Mini Golf Rules
Miniature golf is generally enjoyed by those looking for friendly entertainment but is taken more seriously as a competitive sport in a variety of professional leagues. Across the globe, you'll find families, teenagers and couples as well as experts playing this skilled putting game.
Mini golf or putt-putt golf does not require much from the individuals playing once the miniature golf course is picked out. The only equipment players need are a putter and a golf ball, which are supplied at the course. Each course has unique variations so every hole is different. According to World Minigolf Sport Federation, obstacles on the course must be fixed for the purpose of play. They cannot totally hinder a shot.
Mini golf courses have 18 marked holes that are numbered. Players must complete each hole in number order without skipping any hole. Players use their putters to hit the golf ball from the tee area and straight into the hole. The objective is to make it into each hole in as few strokes as possible. Every stroke taken counts as a point, although many courses limit players to a maximum of seven strokes per hole. The player with the fewest strokes at the end of the round wins.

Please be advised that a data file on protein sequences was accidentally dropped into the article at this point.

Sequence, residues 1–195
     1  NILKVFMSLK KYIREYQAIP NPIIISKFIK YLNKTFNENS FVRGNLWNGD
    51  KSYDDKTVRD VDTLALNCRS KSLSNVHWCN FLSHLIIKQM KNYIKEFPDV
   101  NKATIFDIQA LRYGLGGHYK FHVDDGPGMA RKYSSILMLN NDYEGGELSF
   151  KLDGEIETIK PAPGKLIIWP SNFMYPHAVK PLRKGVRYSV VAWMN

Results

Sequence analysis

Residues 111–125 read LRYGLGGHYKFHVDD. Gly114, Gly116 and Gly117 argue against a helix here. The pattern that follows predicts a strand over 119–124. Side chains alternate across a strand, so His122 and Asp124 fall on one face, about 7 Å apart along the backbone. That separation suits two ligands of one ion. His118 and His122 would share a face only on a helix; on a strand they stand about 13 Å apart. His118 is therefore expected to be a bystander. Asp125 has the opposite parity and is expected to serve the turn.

According to the World Minigolf Sport Federation, before every stroke the ball must be addressed with the putter held in both hands. Accidental contact with the ball does not count as a stroke. When the player begins his backswing, a player is deemed ready, and strokes will count if the putter makes contact with the ball from that point. If on a player's first shot, the ball does not go past the red or border line, players must shoot again from the tee. If the shot does go past the border line and then bounces out of play, the player will have a one-shot penalty and he takes his third shot at the spot where the ball went out of bounds.
Jonathan Quartuccio graduated with a Bachelor of Arts degree in Journalism from Pace University in 2007. He currently manages the sports and nightlife sections for Westchester Magazine as an assistant editor and also works part time for NBC Sports.